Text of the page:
Why don’t we see more evil wizards in Edgewhen?
In heroic fantasy worlds, those who know the secrets of magic are powerful beings. They use their knowledge to oppress others until some brave hero comes to challenge them.
In Edgewhen, magic is usually integrated into society. Magical talent is used in the practice of a certain profession. It may inspire admiration, but it rarely inspires awe.
Why is that?
Because I’m modeling Edgewhen societies on our own. I call it …
The Backhoe Theory of Magic
Let me tell you about my neighbor, Daniel. Daniel owns a backhoe. This should make him the most powerful man in town.
He has the ability to move huge chunks of earth. He can dig trenches and build hills.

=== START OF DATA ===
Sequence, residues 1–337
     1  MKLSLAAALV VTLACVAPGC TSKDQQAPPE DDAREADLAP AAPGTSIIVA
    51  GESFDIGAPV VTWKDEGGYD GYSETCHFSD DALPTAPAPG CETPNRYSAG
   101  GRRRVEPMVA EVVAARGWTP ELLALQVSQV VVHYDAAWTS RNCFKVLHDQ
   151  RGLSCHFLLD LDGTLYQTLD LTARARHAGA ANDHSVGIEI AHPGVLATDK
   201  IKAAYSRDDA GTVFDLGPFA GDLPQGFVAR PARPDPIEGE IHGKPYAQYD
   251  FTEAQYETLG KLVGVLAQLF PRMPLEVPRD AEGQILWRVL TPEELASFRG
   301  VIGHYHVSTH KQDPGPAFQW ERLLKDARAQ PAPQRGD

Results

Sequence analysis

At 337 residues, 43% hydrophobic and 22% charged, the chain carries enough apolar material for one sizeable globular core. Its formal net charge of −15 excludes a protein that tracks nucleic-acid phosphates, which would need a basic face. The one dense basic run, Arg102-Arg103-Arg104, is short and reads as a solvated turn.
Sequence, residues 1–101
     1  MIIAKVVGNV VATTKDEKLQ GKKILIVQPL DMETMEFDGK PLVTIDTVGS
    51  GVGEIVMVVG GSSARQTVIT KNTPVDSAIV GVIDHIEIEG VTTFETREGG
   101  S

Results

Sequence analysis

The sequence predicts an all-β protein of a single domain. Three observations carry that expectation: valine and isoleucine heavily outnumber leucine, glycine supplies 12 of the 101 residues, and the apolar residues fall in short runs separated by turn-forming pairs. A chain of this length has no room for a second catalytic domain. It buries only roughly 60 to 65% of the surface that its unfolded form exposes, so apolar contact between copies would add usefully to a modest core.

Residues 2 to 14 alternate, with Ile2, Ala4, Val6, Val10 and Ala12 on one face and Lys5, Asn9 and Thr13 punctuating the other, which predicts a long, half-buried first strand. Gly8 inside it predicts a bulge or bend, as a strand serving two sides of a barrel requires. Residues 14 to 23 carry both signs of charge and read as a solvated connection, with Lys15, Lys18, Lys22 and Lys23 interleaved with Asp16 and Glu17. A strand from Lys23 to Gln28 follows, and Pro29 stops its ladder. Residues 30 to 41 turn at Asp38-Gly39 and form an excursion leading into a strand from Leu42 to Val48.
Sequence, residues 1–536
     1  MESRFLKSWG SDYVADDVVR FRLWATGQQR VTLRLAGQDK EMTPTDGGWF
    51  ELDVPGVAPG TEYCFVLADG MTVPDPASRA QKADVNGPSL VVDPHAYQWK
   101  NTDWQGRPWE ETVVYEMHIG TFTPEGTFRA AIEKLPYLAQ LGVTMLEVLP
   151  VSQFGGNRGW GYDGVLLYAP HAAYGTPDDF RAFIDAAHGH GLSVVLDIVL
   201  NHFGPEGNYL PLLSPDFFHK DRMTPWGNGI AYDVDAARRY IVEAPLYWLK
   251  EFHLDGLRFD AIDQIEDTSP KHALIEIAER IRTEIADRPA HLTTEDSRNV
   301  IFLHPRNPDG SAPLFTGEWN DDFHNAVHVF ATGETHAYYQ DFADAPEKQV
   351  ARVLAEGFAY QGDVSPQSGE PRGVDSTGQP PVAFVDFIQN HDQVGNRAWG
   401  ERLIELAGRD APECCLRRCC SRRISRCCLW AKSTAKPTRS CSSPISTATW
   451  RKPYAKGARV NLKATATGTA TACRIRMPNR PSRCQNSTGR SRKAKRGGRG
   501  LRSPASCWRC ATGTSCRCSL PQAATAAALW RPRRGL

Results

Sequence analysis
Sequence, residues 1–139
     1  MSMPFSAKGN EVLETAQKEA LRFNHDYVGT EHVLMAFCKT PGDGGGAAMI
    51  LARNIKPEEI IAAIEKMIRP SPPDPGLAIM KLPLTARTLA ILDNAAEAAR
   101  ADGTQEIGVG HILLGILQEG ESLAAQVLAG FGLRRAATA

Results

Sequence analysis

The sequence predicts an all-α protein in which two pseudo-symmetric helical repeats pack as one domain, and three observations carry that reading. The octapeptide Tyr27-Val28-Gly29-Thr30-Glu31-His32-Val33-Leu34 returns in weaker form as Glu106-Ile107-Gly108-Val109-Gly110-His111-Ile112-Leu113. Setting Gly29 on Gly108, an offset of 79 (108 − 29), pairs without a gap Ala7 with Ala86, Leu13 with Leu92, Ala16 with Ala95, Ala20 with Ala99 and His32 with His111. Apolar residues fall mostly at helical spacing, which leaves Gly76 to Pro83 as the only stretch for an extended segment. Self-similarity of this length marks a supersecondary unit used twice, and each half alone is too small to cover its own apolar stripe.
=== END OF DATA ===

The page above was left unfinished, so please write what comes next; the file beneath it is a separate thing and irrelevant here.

The backhoe is a powerful machine. If someone does something Daniel doesn’t like, he can knock their house down. If they go over to Daniel’s house to complain, he can take his backhoe and smash their car.
This would make people angry at Daniel. They might call the police. But why should Daniel care? With his backhoe he can dig an impassable trench around his house. He can push the police cars into heaps and cover them with earth to build an impenetrable wall.
Daniel should be able to establish a reign of terror. His backhoe gives him great power.
But for some reason, Daniel chooses to use his backhoe to dig trenches for people. They pay him money and he uses it to buy groceries. He doesn’t use his backhoe illegally, and he doesn’t build a fortress to fend off the law enforcement authorities. Because he’s not a megalomaniac.
I’ve got nothing against the archetypal mad wizard who uses his power to seclude himself in a tower and plot the downfall of the neighboring populace. I just think that given the choice between brutal conflict and a respected occupation, most people would choose the latter.